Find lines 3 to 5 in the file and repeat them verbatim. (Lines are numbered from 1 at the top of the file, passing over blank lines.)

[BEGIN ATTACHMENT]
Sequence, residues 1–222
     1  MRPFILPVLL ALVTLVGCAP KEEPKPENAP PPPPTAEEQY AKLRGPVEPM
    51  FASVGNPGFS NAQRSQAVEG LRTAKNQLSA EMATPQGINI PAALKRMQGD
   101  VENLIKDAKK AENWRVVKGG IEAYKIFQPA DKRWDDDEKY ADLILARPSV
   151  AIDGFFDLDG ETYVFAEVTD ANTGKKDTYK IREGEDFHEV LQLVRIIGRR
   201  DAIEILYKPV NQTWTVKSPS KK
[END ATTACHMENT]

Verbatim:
    51  FASVGNPGFS NAQRSQAVEG LRTAKNQLSA EMATPQGINI PAALKRMQGD
   101  VENLIKDAKK AENWRVVKGG IEAYKIFQPA DKRWDDDEKY ADLILARPSV
   151  AIDGFFDLDG ETYVFAEVTD ANTGKKDTYK IREGEDFHEV LQLVRIIGRR